By May 11, Gov. Inslee hopes to have 1,500 people, including members of the National Guard, working to identify and quarantine those who have had contact with COVID-19 patients.

As a part of that effort, the Snohomish Health District is bolstering a local fleet of contact investigators.

As of this week, Thomas said the district had five to 20 people working on contact tracing, most of whom have been pulled from other programs. That team is able to do roughly 40 to 50 investigations per day, and it often takes a couple days to respond to each positive COVID-19 test, Thomas said.

The response time needs to get down to about 24 hours, she said. The district hopes to bring on at least 40 more people to help.

“It’s not going to happen overnight,” Thomas said.

The district has always done contact tracing for diseases like measles, tuberculosis and whooping cough, Thomas said. And those illnesses haven’t stopped — they’re just added to the 300-patient pile of COVID-19 cases.

Highest risk

The governor’s plan also calls for local governments to protect populations at the highest risk of harm from COVID-19 — the elderly and those with underlying medical conditions.

In Snohomish County, that means building a team to address outbreaks at long-term care facilities, Biermann said.

The county’s new “pandemic team” known as SAFE — short for SnoCo Agencies for Engagement — is doing contact tracing for people without shelter. Biermann said many unsheltered folks have underlying health conditions, making them more prone to contracting COVID-19.

And as the county begins to reopen, starting this week with parks, health officials are launching a campaign to remind at-risk folks it may not be safe for them to take advantage of loosened restrictions.

Since March 1, nearly 130 people from over a dozen local government organizations have put in more than 12,300 hours at the county’s emergency coordination center, to craft a unified pandemic response.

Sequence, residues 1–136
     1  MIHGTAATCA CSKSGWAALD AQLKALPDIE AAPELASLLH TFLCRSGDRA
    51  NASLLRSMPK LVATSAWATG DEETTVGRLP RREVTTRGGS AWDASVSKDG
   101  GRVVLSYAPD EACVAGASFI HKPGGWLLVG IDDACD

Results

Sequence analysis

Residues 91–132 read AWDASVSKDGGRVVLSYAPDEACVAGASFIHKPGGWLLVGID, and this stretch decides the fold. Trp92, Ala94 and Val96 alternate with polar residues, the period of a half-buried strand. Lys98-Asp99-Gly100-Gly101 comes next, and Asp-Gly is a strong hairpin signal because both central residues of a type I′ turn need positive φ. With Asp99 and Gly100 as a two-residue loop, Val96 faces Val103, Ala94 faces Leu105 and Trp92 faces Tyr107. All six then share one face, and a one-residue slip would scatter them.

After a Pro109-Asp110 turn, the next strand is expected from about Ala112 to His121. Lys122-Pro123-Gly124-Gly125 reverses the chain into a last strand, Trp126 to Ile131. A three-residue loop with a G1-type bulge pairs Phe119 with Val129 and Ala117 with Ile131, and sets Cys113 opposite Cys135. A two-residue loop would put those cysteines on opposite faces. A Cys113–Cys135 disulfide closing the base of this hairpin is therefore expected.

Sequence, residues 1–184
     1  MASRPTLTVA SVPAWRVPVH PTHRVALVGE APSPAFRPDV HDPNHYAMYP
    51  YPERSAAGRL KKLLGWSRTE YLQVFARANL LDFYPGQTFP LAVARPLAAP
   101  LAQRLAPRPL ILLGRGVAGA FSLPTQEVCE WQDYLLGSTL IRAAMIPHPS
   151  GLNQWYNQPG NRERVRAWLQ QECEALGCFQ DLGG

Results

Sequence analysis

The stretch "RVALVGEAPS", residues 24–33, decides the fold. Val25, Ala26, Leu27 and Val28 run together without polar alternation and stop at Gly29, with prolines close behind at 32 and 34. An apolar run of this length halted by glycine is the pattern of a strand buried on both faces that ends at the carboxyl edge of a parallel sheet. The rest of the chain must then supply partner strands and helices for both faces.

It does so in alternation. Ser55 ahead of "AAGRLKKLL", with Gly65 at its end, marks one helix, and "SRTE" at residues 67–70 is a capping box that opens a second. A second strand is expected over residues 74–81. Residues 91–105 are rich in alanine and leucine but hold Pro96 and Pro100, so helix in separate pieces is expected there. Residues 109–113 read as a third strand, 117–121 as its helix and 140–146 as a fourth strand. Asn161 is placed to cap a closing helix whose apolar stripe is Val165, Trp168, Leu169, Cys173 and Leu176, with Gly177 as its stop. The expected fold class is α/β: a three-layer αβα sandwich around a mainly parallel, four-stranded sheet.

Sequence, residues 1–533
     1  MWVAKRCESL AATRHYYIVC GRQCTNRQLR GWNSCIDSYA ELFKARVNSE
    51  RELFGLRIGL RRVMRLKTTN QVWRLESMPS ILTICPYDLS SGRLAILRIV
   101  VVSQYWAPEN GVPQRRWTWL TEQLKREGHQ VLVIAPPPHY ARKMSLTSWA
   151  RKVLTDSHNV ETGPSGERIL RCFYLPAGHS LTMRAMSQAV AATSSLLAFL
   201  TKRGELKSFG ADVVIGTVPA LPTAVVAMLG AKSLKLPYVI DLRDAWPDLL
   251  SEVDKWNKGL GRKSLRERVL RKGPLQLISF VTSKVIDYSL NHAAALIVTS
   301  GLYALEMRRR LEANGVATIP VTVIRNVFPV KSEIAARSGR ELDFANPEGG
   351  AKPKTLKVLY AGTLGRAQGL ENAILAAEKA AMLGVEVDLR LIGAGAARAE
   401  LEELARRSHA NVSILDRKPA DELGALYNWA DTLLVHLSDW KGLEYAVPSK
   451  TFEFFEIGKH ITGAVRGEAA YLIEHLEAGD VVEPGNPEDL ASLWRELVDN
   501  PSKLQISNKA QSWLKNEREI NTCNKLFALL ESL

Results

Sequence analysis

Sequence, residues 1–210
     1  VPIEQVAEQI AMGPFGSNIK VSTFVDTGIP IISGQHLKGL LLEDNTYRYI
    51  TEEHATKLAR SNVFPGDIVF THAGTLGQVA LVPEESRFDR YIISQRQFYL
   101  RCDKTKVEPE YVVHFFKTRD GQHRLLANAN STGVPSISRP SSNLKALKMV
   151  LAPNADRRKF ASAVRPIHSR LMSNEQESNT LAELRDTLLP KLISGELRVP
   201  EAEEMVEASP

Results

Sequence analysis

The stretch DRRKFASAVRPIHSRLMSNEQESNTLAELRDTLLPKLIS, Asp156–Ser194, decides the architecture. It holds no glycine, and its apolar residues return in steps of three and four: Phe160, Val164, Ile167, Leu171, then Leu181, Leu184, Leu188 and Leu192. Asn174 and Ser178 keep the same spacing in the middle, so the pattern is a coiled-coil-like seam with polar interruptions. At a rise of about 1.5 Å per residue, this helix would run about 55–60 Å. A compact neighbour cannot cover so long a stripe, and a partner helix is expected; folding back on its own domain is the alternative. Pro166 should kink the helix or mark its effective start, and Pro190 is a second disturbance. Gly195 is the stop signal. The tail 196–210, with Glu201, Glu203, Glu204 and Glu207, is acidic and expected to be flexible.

But reaching phase two of Inslee’s plan depends heavily on the number of new COVID-19 patients coming in.

“And that’s where people and businesses play a role in making sure that they’re following those public health measures that are put in place, to reduce the amount of cases coming in,” Thomas said. “That’s where they have a degree of control in helping us get there quicker.”

Snohomish County officials at odds over Inslee plan

This week, in separate actions, one group of elected leaders in Snohomish County expressed their support for the phases for reopening put forth by Gov. Jay Inslee, while a second group wrote the governor to ask him to let more businesses restart now, rather than later.

On Monday, Snohomish County Executive Dave Somers and mayors of 11 cities issued their joint public statement. You can read it here.

It was signed by Arlington Mayor Barb Tolbert, Bothell Mayor Liam Olsen, Darrington Mayor Dan Rankin, Edmonds Mayor Mike Nelson, Everett Mayor Cassie Franklin, Mill Creek Mayor Pam Pruitt, Mountlake Terrace Mayor Kyoko Matsumoto Wright, Mukilteo Mayor Jennifer Gregerson, Lynnwood Mayor Nicola Smith, Stanwood Mayor Leonard Kelley and Woodway Mayor Carla Nichols.

On Wednesday, 10 mayors and two Snohomish County Councilmembers sent their letter to Inslee. You can find it here.

It was signed by Marysville Mayor Jon Nehring, Lake Stevens Mayor Brett Gailey, Granite Falls Mayor Matthew Hartman, Snohomish Mayor John Kartak, Sultan Mayor Russell Wiita, Stanwood Mayor Leonard Kelley, Monroe Mayor Geoffrey Thomas, Index Mayor Norm Johnson, Woodway Mayor Carla Nichols and Snohomish County Councilmen Nate Nehring and Sam Low.

Julia-Grace Sanders: 425-339-3439; jgsanders@heraldnet.com.